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Cenozoic Tectonostratigraphy of the Northern San Jacinto Foldbelt, Northwestern Colombia

Mora, Alejandro1; De Freitas, Mario G.; and Velez, Vickye
1[email protected]

The integrated analysis of seismic, well log and outcrop data from the Cenozoic section of the northern San Jacinto Foldbelt (SJFB) in NW Colombia, revealed a complex tectonic evolution from Paleogene extension to Neogene compression and inversion. Interpretation of the first 3D-seismic survey in the SJFB allowed the best imaging and most detailed mapping to date of the pre-Oligocene structure and potential reservoirs. This was complemented by the interpretation of new 2D-seismic in the northernmost portion of the SJFB. Paleocene to Miocene units contain both potential source rocks and main reservoirs, though Cretaceous source rocks may also be active in the area.

Six main second-order sequences of Late Paleocene to Pliocene age were identified in the northern SJFB. The San Cayetano sequence (Late Paleocene-Middle Eocene) was deposited in marine environments and lies unconformably on top of the Cretaceous. In the Middle to Late Eocene, conglomerates and limestones of the Chengue Group were unconformably deposited on top of San Cayetano. 3D-seismic data shows that the Chengue Group was deposited in an extensional fault-controlled regime, as evidenced by planar domino-faulting. After Latest Eocene-Early Oligocene erosion, fine-grained deposits of the Late Oligocene Ciénaga de Oro Sequence onlap the pre-existing paleo-topography, as the area continues subsiding due to sagging. In Early Miocene times, the first compressive event caused initial inversion of pre-existing extensional structures. While pre-Oligocene extensional structures are well preserved in the area of the 3D, inversion is much more intense towards the north, where the pre-Oligocene sequences are affected by more recent WNW-verging thrust faults. The syn-inversion marine, fine-grained Porquero sequences of Middle-Late Miocene age, evidence intense inversion of structures such as the Cibarco Anticline, as they thin and onlap its eastern flank. In the Late Miocene, extensional faulting commonly detaching in Ciénaga de Oro mudstones, affected the Porquero Sequences possibly due to gravitational sliding caused by uplift in other areas. Therefore, the Ciénaga de Oro marks the boundary between two contrasting extensional structural styles. A notorious angular unconformity marks the base of the Tubará Sequence, a Latest Miocene - Pliocene succession of fluvial to shallow marine deposits, that evidences strong inversion pulses which started to shape the present-day topography of the northern SJFB.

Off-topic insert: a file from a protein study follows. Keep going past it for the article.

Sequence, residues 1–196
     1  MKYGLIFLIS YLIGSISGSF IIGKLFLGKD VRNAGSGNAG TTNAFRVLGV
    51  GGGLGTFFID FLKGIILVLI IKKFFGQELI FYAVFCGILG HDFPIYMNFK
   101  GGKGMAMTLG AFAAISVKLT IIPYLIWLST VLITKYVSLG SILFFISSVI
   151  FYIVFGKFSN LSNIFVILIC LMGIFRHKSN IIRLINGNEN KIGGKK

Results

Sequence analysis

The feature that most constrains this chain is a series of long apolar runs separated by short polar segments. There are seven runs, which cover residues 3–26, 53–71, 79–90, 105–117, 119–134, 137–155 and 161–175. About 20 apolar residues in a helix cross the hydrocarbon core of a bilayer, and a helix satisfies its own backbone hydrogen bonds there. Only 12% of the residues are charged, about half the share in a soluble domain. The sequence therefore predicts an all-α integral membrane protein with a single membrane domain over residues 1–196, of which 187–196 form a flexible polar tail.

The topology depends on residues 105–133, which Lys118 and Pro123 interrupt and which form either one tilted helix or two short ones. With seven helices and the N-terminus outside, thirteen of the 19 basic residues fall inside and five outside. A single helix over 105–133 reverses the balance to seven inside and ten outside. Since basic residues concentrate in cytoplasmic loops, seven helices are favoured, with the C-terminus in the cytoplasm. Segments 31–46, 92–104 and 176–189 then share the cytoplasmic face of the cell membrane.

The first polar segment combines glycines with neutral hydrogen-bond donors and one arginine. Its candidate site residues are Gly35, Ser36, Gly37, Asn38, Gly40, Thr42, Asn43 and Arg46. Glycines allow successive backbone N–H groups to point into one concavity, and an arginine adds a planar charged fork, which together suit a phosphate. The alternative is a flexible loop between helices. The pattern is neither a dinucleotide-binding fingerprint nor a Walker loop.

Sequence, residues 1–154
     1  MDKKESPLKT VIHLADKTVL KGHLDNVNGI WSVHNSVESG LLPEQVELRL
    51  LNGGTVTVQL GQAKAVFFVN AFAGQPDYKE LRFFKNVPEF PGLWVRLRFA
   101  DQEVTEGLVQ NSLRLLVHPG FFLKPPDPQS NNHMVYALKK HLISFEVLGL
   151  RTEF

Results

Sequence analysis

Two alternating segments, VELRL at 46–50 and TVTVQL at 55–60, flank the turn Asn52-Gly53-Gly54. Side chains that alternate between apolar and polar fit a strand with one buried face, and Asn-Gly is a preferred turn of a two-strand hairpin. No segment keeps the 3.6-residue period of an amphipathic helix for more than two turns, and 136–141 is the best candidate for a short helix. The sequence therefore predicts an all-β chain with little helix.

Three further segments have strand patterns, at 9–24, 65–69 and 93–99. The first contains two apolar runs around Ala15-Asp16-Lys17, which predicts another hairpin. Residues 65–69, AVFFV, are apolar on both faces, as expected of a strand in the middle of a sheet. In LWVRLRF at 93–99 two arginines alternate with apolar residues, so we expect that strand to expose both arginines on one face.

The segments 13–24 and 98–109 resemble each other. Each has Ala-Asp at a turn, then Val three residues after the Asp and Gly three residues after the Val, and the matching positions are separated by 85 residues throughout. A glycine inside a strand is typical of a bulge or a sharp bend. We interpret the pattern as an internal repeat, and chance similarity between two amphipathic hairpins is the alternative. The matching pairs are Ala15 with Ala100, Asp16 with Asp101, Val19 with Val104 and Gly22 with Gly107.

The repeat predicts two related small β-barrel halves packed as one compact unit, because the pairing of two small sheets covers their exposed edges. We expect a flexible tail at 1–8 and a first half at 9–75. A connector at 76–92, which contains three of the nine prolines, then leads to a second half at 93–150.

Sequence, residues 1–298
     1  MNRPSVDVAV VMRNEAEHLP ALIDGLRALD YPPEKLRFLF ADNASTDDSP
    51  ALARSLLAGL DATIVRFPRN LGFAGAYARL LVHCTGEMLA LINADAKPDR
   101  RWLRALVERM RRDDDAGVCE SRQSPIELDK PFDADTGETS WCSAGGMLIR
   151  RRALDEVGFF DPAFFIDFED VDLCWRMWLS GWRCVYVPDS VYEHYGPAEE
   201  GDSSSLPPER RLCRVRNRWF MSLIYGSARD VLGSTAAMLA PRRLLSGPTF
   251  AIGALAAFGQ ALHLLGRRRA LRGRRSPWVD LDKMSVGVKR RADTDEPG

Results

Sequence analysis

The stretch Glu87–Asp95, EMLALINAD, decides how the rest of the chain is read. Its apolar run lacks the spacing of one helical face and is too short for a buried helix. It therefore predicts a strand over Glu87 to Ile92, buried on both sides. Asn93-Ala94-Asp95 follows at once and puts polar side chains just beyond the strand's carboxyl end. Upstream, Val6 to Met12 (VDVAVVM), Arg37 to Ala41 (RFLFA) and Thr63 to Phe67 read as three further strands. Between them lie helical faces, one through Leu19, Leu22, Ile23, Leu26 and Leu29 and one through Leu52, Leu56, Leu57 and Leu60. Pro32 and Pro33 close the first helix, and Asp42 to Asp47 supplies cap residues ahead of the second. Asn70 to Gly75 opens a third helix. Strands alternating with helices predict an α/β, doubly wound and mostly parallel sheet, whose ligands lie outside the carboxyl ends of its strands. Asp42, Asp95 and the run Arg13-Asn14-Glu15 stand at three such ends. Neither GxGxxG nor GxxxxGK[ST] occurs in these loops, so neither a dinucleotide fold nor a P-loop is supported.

AAPG Search and Discovery Article #90166©2013 AAPG International Conference & Exhibition, Cartagena, Colombia, 8-11 September 2013